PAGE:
There is a goodly amount of opinion-sharing, information-exchange, and just plain bull-shooting.  On the plus side, there is almost always  someone with the tool, the experience, the address or directions, the microballoons, the software, the great idea, a few ounces of sympathy or a shred of information. The Boat-Yard Mind is a powerful thing, and so is its toolbox.


Easing the furler towards the masthead.
Need a hand with something? Here you can get a dozen.

The social life is good

Pot luck dinners are the go-to event for every occasion. We’ve had birthday parties, pre-launch parties, Christmas and Thanksgiving of course, even a December 21 Solstice party.

We’re newbies to Mexico cruising, but one of the first things we’ve learned is that everybody  brings their own chair to a gathering. There are no fallen palm trees around here, no driftwood, and apparently, not too many willing to stand up, except for the food line.

Thanksgiving potluck dinner, and weren't we all thankful for something!
Thanksgiving potluck dinner, and weren’t we all thankful for something!

DSC08830 Desiree spoon

DSC08836 Connie and Mel make Xmas music

DSC08834 white elephant

The Christmas pot luck dinner featured plates of good food and and a white elephant “under-50-pesos or something off the boat” gift exchange. The rules were a little complicated, but someone could chose the gift you already had rather than unwrap something unknown from the stack. The bottles of tequila and wine all made the rounds several times. We also had music from our resident troubador.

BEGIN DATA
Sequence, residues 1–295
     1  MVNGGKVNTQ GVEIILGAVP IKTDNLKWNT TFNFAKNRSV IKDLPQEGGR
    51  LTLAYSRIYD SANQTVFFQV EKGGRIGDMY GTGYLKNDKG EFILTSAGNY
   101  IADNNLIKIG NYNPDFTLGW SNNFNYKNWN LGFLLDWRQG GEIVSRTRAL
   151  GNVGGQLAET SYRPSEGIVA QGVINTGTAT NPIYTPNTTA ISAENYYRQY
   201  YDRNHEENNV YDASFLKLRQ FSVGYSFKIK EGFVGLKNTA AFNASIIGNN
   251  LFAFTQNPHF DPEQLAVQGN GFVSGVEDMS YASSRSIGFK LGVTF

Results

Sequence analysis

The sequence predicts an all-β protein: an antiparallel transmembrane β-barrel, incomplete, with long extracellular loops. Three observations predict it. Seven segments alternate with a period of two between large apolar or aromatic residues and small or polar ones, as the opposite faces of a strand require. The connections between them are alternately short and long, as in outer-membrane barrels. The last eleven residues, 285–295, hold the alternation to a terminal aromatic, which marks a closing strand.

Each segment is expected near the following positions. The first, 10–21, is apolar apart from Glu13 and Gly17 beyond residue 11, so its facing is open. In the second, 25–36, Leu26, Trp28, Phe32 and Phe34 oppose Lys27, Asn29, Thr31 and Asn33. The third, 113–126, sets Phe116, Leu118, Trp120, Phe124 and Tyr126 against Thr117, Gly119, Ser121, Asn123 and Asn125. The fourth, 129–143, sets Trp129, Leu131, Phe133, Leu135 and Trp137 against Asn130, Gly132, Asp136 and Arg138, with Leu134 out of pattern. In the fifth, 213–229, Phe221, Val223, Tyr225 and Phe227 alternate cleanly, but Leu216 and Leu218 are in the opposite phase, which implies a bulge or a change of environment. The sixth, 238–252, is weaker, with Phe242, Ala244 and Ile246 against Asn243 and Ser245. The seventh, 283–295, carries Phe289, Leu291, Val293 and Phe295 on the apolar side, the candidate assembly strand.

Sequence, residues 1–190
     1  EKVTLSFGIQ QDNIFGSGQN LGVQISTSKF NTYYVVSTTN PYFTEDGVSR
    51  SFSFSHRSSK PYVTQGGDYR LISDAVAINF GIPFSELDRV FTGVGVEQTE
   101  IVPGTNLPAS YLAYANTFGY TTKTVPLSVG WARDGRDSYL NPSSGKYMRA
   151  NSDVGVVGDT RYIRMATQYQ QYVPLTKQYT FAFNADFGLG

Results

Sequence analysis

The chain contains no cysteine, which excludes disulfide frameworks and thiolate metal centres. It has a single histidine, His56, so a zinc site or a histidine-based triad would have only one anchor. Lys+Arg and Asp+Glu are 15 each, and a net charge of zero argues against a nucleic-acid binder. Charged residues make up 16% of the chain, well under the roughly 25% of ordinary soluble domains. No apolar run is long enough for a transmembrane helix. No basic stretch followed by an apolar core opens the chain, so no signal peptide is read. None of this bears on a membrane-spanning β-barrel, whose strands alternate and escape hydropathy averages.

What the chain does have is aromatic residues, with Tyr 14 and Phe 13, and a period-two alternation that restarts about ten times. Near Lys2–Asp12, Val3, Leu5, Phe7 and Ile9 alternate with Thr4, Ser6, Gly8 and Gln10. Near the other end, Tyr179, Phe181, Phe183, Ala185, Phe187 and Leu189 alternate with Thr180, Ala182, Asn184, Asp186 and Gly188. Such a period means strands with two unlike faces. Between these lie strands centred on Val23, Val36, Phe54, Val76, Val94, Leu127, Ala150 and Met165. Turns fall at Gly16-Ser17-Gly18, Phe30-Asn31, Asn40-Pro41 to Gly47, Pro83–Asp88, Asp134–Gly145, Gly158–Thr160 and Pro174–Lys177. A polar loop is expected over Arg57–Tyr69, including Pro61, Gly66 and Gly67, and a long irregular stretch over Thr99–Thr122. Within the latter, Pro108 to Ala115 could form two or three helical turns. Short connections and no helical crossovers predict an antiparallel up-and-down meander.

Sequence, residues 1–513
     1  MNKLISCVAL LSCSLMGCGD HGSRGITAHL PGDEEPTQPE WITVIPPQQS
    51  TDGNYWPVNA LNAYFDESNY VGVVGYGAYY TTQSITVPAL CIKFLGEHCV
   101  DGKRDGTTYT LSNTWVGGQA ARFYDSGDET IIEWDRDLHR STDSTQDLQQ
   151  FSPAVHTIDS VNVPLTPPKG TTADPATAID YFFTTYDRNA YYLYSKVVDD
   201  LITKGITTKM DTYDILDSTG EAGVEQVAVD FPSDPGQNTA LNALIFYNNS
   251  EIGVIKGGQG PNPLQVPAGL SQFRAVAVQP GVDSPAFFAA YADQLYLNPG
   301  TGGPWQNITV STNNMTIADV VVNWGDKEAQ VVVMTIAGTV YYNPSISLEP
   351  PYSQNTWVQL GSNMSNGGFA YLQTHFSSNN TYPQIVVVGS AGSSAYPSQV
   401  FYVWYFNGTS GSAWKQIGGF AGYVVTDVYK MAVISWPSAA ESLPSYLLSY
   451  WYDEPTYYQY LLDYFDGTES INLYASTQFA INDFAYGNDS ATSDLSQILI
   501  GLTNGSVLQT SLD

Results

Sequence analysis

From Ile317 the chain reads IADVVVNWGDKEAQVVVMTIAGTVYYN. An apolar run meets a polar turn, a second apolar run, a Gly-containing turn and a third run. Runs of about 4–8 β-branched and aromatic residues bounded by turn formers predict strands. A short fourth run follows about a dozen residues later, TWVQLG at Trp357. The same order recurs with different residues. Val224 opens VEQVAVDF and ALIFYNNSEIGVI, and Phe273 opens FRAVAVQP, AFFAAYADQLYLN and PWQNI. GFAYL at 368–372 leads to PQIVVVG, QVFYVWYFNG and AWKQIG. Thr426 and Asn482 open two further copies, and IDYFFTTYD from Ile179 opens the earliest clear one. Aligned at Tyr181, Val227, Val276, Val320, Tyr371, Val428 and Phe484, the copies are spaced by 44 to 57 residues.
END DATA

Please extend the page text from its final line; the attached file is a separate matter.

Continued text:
Goofing Off? Who, Me?

Work alternates with goofing off
All work and no play..or is it the other way around?
Graeme and John admiring the machine shop's 2015 calendar.
Machine shops the world around use the same calendar.

Problems worse than ours

There's always someone with a bigger project or a worse set of problems than ours.

There’s always someone with a bigger project or a worse set of problems than ours.

It’s a reminder that Marina Guaymas is a shipyard, not a fancy marina. We’re here to get ourselves ready to leave, not to loll about on beach chairs! But it really helps that the marina staff is friendly and helpful. “If you’re happy, I’m happy” says Arnulfo the yard manager, and he means it.

Sheep Eat Our Garbage!

In their own gated communities around our perimeter are a couple dozen sheep whose diets we are encouraged to supplement if we’d like to. There are some loose sheep in the other part of the yard too. Watch out for ‘Pinto’ the butting male! He’s a bruiser.

Their tails are down, their ears are big, so these are definitely sheep, despite their long legs.

They don't like egg shells or garlic cloves, but it seems like everything else is in play, including squeezed out limon, and avocado skins.
They don’t like egg shells or garlic cloves, but it seems like everything else is edible, including squeezed out limón and grapefruit peels.

Every so often…

Someone escapes.

Every so often one of gets launched. Here it's a sister ship to Galivant, Salish Sea.
Here it’s a sister ship to Galivant, the Valiant 40 Salish Sea, making her stately procession to the travelift slip.

Best of all

We’ve made a lot of friends here. Maybe it’s due to adversity, or the common bonds of boatyard life, but really, it’s been a lot of fun.

One of the things we like best about cruising is that we get to spend time with people we wouldn’t have even met in our other life.

We Splashed!

We’re spending the first weekend of the New Year of 2015 in the water. The yard was fine, but I’m pretty sure we’ll be liking this floating stuff better. Un feliz, saludable y próspero año nuevo a todos.